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U. S. Small Business Administration Fact Sheet – Economic Injury Disaster Loans
MASSACHUSETTS Declaration # 13813
Incident: Commercial Fishery Failure
Occurring: May 1, 2013 through April 30, 2014
For Essex and Plymouth counties and the contiguous counties of Barnstable, Bristol, Middlesex, Norfolk and Suffolk in the Commonwealth of Massachusetts; Hillsborough and Rockingham in the State of New Hampshire.
Application Filing Deadline: August 1, 2014
Type of Disaster Loan:
- Economic Injury Disaster Loans (EIDLs) – Working capital loans to help small businesses, small agricultural cooperatives, small businesses engaged in aquaculture, and most private, non-profit organizations of all sizes meet their ordinary and necessary financial obligations that cannot be met as a direct result of the disaster. These loans are intended to assist through the disaster recovery period.
- EIDL assistance is available only to entities and their owners who cannot provide for their own recovery from non-government sources, as determined by the U.S. Small Business Administration (SBA).
- Credit History – Applicants must have a credit history acceptable to SBA.
- Repayment – Applicants must show the ability to repay the loan.
- Collateral – Collateral is required for all EIDLs over $5,000. SBA takes real estate as collateral when it is available. SBA will not decline a loan for lack of collateral, but SBA will require the borrower to pledge collateral that is available.
- The interest rate is determined by formulas set by law and is fixed for the life of the loan. The maximum interest rate for this program is 4 percent.
- The law authorizes loan terms up to a maximum of 30 years. SBA will determine an appropriate installment payment, based on the financial condition of each borrower, which in turn, will determine the loan term.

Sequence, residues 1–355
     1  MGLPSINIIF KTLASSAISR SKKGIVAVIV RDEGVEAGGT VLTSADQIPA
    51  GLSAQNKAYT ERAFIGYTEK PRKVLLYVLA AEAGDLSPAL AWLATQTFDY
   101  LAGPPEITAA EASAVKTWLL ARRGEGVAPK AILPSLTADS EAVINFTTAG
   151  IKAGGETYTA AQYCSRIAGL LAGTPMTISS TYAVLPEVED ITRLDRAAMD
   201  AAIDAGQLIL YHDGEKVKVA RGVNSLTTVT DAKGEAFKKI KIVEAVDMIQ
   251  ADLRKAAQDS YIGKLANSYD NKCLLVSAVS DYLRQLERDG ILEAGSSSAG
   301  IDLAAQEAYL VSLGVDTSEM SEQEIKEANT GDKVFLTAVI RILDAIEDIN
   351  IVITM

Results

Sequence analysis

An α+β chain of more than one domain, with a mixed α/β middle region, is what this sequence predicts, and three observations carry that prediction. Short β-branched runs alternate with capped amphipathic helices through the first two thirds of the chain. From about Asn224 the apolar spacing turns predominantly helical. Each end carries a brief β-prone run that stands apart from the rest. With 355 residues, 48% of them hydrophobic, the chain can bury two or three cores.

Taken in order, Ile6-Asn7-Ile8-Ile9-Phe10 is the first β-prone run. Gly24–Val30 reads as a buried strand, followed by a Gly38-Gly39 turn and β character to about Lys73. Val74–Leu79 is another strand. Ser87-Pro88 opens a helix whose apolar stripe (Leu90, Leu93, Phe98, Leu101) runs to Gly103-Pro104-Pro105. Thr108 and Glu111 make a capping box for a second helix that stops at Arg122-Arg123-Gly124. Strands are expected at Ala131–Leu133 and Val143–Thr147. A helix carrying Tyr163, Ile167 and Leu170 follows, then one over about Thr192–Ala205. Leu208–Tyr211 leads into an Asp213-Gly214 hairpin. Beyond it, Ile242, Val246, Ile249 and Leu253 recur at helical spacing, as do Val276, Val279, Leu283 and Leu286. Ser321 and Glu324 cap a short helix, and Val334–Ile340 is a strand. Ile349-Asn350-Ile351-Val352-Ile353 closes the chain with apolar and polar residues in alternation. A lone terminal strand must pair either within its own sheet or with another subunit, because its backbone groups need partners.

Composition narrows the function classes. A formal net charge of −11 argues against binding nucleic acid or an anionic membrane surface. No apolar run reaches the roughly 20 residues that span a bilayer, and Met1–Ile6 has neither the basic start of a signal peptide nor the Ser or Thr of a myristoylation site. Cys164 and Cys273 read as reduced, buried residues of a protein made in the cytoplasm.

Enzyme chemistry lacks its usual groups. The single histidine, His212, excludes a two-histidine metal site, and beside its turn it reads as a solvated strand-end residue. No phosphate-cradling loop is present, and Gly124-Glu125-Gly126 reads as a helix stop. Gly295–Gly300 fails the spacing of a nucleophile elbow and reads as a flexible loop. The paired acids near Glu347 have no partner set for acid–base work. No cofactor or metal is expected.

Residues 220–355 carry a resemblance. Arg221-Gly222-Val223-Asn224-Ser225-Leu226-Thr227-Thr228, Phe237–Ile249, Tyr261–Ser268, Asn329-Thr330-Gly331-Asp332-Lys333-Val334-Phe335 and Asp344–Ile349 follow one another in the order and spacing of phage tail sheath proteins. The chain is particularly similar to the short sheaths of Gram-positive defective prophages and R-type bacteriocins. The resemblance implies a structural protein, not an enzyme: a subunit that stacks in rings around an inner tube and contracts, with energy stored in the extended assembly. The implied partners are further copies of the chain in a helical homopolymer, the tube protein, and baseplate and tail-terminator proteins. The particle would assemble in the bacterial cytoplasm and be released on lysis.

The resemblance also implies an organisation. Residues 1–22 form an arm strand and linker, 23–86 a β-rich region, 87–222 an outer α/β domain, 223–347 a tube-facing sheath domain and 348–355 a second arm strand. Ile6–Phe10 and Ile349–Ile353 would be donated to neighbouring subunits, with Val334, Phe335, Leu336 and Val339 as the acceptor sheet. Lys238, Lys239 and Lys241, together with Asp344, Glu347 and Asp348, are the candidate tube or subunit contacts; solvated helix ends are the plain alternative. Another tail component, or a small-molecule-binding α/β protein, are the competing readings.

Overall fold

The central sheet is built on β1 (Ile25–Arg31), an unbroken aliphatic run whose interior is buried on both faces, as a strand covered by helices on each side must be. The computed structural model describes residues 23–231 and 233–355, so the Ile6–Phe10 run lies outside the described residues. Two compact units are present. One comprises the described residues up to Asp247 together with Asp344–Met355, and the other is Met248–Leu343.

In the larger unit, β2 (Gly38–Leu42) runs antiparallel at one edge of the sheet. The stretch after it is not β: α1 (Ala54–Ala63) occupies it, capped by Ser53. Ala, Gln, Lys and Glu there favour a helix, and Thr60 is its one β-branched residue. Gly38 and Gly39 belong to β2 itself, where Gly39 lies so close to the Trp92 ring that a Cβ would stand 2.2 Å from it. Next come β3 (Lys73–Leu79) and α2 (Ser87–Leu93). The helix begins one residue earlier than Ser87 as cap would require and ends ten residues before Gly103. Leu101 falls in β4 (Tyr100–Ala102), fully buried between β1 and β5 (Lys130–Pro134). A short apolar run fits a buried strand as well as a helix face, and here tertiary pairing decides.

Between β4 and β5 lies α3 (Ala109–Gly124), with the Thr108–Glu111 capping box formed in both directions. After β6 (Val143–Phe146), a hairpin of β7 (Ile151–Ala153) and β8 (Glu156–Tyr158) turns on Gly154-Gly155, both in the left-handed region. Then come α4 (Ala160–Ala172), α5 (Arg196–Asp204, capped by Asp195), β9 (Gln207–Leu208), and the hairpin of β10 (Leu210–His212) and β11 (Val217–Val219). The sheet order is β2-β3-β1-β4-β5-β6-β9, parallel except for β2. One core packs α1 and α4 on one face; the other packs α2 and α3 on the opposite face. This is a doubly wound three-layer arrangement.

Loan Amount Limit:
- Economic Injury Disaster Loans (EIDL) – The law limits EIDL(s) to $2,000,000 for alleviating economic injury caused by the disaster. The actual amount of each loan is limited to the economic injury determined by SBA, less business interruption insurance and other recoveries up to the administrative lending limit. SBA also considers potential contributions that are available from the business and/or its owner(s) or affiliates. If a business is a major source of employment, SBA has the authority to waive the $2,000,000 statutory limit.
Loan Eligibility Restrictions:
- Noncompliance – Applicants who have not complied with the terms of previous SBA loans are not eligible. This includes borrowers who did not maintain required flood insurance and/or hazard insurance on previous SBA or Federally insured loans.
- Economic injury disaster loans cannot be used to refinance long term debts.
- To protect each borrower and the Agency, SBA requires borrowers to obtain and maintain appropriate insurance. Borrowers of all secured loans (over $5,000) must purchase and maintain hazard insurance for the life of the loan on the collateral property. By law, borrowers whose collateral property is located in a special flood hazard area must also purchase and maintain flood insurance for the full insurable value of the property for the life of the loan.
For more information, contact SBA’s Disaster Assistance Customer Service Center by calling (800) 659-2955, emailing email@example.com, or visiting SBA’s Web site at www.sba.gov. Deaf and hard-of-hearing individuals may call (800) 877-8339. Applicants may also apply online using the Electronic Loan Application (ELA) via SBA’s secure Web site at https://disasterloan.sba.gov/ela.